Enter DataUp, an open-source tool that helps us document, manage, and archive our tabular data. The DataUp project was born out of this need for seamless integration of data management into the researchers’ current workflows. The University of California Curation Center (UC3) at the California Digital Library (CDL), with sponsorship from Microsoft Research and the Gordon and Betty Moore Foundation (GBMF), focused on creating a tool that could be used by researchers in the environmental sciences. They recognized that this field epitomizes the problems of data management and curation; in particular, the storage of data locally without data description (metadata)—such as where it was collected, by whom, and when—that would make it more usable by others.
By conducting surveys at ecological and environmental science events, CDL found that the majority of these scientists use spreadsheets to collect and organize their data, so rather than make them learn a new program, UC3 recognized a need for a tool that works with a program most scientists already know: Microsoft Excel.
From the results of further surveys, it was determined that about half of the scientists preferred a tool that would be installed on their laptop, while the other half wanted a web-based tool that they could use on any device. Well, we sponsors and the UC3 team were not about to let this divided preference thwart the creation of a much-needed tool, so, together, we decided that there needed to be two versions of the tool: an open-source add-in (extension) for Microsoft Excel, and an open-source web application.
To achieve the project goals of facilitating data management, sharing, and archiving, both the add-in and the web application accomplish four main tasks:
The California Digital Library established the initial repository, the ONEShare. Researchers will be able to find tools from the DataUp project as part of the Investigator Toolkit for DataONE.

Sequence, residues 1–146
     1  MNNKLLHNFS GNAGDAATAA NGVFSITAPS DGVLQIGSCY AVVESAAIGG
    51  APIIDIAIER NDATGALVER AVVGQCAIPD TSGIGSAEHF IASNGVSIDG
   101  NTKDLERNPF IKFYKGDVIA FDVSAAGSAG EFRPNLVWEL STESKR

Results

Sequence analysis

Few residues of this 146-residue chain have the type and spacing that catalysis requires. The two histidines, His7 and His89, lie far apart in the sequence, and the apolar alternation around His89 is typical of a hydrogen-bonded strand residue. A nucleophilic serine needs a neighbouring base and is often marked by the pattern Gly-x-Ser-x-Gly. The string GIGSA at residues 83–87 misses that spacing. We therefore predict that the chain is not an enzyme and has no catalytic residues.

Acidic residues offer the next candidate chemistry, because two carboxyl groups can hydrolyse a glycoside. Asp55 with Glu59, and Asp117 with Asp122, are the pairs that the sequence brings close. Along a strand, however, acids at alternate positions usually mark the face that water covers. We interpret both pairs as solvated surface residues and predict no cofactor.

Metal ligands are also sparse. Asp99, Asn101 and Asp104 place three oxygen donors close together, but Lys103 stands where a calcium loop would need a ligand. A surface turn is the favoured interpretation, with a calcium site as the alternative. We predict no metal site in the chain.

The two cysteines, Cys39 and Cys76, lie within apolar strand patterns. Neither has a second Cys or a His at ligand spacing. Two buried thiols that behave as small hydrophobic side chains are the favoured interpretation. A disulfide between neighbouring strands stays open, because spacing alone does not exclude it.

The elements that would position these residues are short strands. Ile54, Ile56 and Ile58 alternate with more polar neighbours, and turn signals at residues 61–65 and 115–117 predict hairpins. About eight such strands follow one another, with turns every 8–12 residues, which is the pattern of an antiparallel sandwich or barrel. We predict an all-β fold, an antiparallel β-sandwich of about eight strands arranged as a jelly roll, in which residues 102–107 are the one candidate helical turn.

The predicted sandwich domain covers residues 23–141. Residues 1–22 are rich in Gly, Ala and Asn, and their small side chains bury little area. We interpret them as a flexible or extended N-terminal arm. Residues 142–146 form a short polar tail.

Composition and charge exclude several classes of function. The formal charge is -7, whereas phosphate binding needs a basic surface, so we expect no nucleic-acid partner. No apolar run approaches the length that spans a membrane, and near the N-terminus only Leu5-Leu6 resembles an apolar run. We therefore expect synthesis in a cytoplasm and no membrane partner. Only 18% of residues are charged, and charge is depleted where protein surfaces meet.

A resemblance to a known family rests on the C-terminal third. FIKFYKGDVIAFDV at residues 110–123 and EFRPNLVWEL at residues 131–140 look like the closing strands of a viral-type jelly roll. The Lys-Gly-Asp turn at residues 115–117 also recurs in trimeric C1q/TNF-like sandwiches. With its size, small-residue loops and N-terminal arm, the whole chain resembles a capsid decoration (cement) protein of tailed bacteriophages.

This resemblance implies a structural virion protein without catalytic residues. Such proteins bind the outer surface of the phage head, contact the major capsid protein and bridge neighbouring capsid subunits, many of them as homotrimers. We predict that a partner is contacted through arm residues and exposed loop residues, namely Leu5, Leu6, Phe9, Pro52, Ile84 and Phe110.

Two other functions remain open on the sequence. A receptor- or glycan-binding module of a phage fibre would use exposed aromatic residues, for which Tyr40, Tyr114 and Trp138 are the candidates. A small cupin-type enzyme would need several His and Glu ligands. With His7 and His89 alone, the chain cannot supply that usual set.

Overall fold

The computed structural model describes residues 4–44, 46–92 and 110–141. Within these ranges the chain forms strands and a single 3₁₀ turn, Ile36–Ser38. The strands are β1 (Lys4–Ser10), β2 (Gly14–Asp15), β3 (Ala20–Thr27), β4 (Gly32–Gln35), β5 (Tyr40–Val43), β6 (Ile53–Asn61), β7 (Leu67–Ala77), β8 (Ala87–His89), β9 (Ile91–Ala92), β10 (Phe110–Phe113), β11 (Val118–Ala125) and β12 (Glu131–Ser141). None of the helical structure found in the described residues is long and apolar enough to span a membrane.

I want to thank Carly Strasser, Trisha Cruse, John Kunze, and Stephen Abrams from UC3 for their passion and commitment to bring DataUp to life. I also want to thank Chris Mentzel from GBMF for co-funding the project with Microsoft Research Connections.
Now, get out there and DataUp!
—Kristin Tolle, Director, Microsoft Research Connections
Are you a student looking to win a little extra spending money? Or maybe just get some props for your coding chops? If so, you’ll want to enter your Windows Phone or Windows 8 app in the Project Hawaii Mobile Code Jam Challenge. But you’d better act quickly—you’ll need to register your project by October 30.
The Code Jam is being featured as an integral part of the upcoming IEEE Consumer Communications & Networking Conference (CCNC 2013), where three winners will be selected. The first-place winner will receive US$1,500; the second-place winner, $1,000; and the third-place winner, $700. Not bad, especially since you’ll get recognized in front of your peers at CCNC. And you can win some money to blow in Vegas.
Your project must be an app that runs on Windows Phone (version 7.5) or Windows 8, and it must use one or more of the Project Hawaii services. Oh, and it has to be available for use, free of charge, in academic and research settings. Visit the Mobile Code Jam site for full contest details.
So, you ask, what are the Project Hawaii services? Well, with Project Hawaii, you can develop cloud-enhanced Windows Phone apps that access a set of cloud services, which includes Social Mobile Sharing Service (SMASH), Path Prediction, Key Value, Translator, Optical Character Recognition, Speech to Text, Relay, and Rendezvous. Learn more.
While prizes and recognition are certainly nice, the main goal of the contest is to encourage researchers and, especially, students to advance the field of mobile apps and services. You can dream up any scenario you want: maybe an app that solves a societal problem, or one that uses mobile technology to help the elderly or infirm. Or maybe something to beat the odds at pai gow. You’re bound only by your creativity and imagination.
As noted above, you’ll need to register your project by October 30. The other key date is December 14, which is the deadline for submitting your overview paper describing your entry. You’re encouraged to prepare as much documentation as possible, including examples of how the app might be used and screenshots or other displays showing the software in action. Entries will be peer-reviewed and finalists will be invited to demonstrate their software to a panel of judges during the conference program.
Remember, if you want to kick out the jams at IEEE CCNC, you’ll need to register your project by October 30. If the trick-or-treaters show up and you’re still pondering your entry, you’re out of luck, so get jammin’.
—Arjmand Samuel, Senior Research Program Manager, Microsoft Research Connections